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Discussion Starter · #1 ·
I think we all know Dane's opinion on whether a gun should have a Shok Buff (or similar product). :smile: And I certainly respect Dane's opinion. In fact, in the short time I've been here (been a member longer at AR15.com and other sites), I'm currently contemplating whether I should get on Dane's "To Build" list. Given a few more months of thought, and I might be starting on my second high end 1911 project. Gotta sort out my first one, though.

I'd like to know:

1. Who likes shock buffers and why? Larry never opined on this in his AH article, did he (my friend's got my mag!)?; and

(2) Is a shock buffer an element in the reliability of the gun. By that, I mean, if I have a higher end semi-custom/production (whatever) gun that gets the occassional hangup with a shock bugger, is that indicative of another problem in the gun, or could my gun simply "not like" shock buffers? If it is built well, should it run with or without a shock buffer? Or is it possible that one perfectly constructed pistol will work with a shock buffer and choke without, or vice versa?

All the debate about whether to have a shock buffer in a gun is meaningless until we figure out whether the reliability problems are caused by the gun itself or the shock buffer, IMHO. I'm presuming that the maintenance "chewed up buffer" argument is a nonissue here, so let that for another thread (I clean my gun more often than the Shok Buff needs changing). In fact, that other thread is out there. :wink:

TIA
 

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I'll add to the question..... Other than to pretect an alloy framed gun from cracking what are the shock buffs supposed to do? I thought on a steel framed gun they were just another 5 bucks on the bill at the gun store? Is there any real purpose for them on a steel framed 1911?

<font size=-1>[ This Message was edited by: chrisinmo on 2001-06-03 14:06 ]</font>
 

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I had them in my LW 38 super comm but took them out. I've got an extra power spring in it so I'm not too worried about the frame. The reason is that the gun won't "slingshot" load from slidelock. The slide doesn't go back far enough to knock down the slide stop.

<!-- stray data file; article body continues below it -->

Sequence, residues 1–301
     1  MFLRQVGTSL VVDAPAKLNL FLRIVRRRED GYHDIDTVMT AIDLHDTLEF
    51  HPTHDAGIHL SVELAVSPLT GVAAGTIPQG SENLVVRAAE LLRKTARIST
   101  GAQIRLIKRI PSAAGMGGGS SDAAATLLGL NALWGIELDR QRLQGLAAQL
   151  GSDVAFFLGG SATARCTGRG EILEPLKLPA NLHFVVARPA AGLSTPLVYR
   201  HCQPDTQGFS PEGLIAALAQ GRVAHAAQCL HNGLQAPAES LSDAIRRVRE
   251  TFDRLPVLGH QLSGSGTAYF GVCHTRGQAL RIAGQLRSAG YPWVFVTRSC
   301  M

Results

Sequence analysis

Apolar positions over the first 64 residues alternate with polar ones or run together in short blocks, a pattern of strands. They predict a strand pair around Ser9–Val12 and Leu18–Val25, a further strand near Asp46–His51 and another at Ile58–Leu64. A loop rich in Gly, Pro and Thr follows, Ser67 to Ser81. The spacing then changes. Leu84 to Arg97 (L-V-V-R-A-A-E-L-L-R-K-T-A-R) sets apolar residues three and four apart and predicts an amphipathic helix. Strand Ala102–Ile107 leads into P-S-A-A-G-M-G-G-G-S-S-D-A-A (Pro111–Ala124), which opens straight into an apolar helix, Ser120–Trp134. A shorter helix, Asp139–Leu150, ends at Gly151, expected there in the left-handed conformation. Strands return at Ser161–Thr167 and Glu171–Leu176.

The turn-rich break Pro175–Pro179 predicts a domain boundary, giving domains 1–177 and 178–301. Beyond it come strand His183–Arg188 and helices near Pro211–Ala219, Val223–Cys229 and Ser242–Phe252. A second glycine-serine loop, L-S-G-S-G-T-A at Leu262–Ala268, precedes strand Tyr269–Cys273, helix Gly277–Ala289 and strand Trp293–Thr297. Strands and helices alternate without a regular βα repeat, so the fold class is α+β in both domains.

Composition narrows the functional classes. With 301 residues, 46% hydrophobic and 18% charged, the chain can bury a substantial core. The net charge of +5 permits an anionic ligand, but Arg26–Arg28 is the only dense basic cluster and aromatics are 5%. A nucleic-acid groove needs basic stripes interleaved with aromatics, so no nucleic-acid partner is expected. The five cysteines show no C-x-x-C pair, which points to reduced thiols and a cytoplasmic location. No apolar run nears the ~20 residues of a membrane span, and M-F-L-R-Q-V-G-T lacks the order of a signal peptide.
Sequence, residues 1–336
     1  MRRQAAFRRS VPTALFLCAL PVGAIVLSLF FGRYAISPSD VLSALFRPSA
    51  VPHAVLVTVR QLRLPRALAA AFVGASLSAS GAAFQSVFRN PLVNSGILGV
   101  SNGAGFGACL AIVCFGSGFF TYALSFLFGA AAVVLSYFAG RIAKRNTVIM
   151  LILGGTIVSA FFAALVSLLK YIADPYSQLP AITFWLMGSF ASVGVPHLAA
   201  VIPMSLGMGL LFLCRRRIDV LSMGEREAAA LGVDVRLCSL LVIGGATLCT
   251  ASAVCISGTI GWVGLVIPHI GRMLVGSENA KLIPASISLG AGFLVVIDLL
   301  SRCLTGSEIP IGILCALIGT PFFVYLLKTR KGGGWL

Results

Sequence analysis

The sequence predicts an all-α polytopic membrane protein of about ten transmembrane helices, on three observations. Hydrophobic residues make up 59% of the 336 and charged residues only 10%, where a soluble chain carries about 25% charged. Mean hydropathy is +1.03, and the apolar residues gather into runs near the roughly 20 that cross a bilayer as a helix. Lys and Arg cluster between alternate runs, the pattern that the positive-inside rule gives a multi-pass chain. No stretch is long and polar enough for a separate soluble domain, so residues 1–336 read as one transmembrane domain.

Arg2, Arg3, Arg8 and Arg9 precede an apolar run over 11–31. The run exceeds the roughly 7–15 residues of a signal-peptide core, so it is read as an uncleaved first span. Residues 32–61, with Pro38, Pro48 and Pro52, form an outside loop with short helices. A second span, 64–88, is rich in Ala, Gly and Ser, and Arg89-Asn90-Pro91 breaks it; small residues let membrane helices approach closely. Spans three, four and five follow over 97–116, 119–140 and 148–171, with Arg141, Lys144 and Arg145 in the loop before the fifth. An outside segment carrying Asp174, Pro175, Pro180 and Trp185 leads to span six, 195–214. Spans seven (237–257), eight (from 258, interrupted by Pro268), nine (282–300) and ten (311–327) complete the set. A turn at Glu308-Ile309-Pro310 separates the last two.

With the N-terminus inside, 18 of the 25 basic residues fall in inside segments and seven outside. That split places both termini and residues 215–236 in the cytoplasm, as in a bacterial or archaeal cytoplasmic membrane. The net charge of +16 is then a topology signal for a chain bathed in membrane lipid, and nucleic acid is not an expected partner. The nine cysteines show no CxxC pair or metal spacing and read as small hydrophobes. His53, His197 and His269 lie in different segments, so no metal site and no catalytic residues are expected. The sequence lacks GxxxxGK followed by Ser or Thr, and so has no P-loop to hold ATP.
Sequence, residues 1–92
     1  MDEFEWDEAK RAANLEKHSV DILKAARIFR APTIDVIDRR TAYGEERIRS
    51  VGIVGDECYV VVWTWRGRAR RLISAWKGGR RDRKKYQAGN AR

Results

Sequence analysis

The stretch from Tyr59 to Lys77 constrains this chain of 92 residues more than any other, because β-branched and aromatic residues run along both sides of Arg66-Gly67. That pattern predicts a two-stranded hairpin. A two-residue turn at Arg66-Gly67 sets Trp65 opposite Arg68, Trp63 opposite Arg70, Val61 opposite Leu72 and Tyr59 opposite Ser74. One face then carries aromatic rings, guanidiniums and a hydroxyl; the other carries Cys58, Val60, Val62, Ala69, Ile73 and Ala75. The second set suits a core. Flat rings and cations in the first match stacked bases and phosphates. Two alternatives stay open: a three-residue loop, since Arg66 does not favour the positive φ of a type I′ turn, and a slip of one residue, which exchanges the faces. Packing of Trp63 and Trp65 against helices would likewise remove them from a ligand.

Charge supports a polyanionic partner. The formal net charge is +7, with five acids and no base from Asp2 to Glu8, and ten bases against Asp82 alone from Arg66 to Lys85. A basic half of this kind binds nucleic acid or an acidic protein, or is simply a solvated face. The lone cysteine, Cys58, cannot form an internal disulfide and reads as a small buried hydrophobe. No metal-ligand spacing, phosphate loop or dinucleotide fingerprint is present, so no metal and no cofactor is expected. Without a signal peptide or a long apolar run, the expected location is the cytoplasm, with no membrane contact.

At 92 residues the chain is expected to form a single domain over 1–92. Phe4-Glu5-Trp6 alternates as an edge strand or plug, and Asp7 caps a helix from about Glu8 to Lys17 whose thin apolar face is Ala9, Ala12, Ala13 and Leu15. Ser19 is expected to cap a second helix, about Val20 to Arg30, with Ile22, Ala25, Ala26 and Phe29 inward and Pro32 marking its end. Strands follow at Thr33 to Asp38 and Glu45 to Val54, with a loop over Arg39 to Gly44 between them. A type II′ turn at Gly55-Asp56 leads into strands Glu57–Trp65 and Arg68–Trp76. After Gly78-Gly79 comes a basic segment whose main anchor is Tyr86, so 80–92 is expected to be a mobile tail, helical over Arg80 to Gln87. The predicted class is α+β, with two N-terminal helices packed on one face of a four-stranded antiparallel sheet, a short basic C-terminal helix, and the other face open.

I've seen it on some wilson's before also with the same effect.

While I drop from slide lock also, I like to keep the options open.
 

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Hello all!
Some guns with a high recoil impulse need the protection a buff
can supply. If slidelock is a problem, try the Hiett Technologies Red Buffs on .090 (formerly CP Buffs, I believe).
They're about $5 from Brownells, and work well.
 

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There is an excellent discussion of buffs in the Acessories forum for those that might have an interest.

FWIW I was recommended the Haitt buffs and tried them over the last month or so and still find the CP buffs the clear winner.
 

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Discussion Starter · #6 ·
Maybe the better question for me to ask is do custom smiths test fire their guns both with and without buffers to test for function? Or is the SOP simply to test fire it in the configuration it's going out the door in?

Seems to me, from personal experience with my gun, that there may be problems for those who take shock buffers out (i.e., it may cover a flaw, as it apparently did in my case) or someone may throw one in down the road and find out the gun doesn't like it.

Should a perfectly functioning gun be able to work well with or without one? Does lack of this versatility mean there's a problem somewhere?
 

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I like them and use them. I have no worries with reguard to dependability or risk of malfunction. They work great in my Wilson CQB and I can sling shot the slide if I want to. They also work in my Baer Thunder Ranch, but I cannot sling shot the slide in the TRS. I use them in a Beretta 96 Elite II and also use them in a few Glocks. Never had a problem with them in anything. My main goal in using them is to try to reduce metal-to-metal contact and possibly increase the life of the gun and reduce wear.
 

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Hi JacRyan. I'm a fellow Ar15.comer myself (ipschoser1). I like the recoil "feel" better with a shok buff installed. Of course less wear and tear on the frame makes me feel better to. I use Wilson buffs because they are thinner than some others on the market. The ability to "slingshot" the slide isn't very important to me, I use the slide stop so this isn't a disadvantage of the buff IMO. I haven't used buffs in anything but my STI Edge .40 and my 5" Kimber but both run very reliably with them installed.
 
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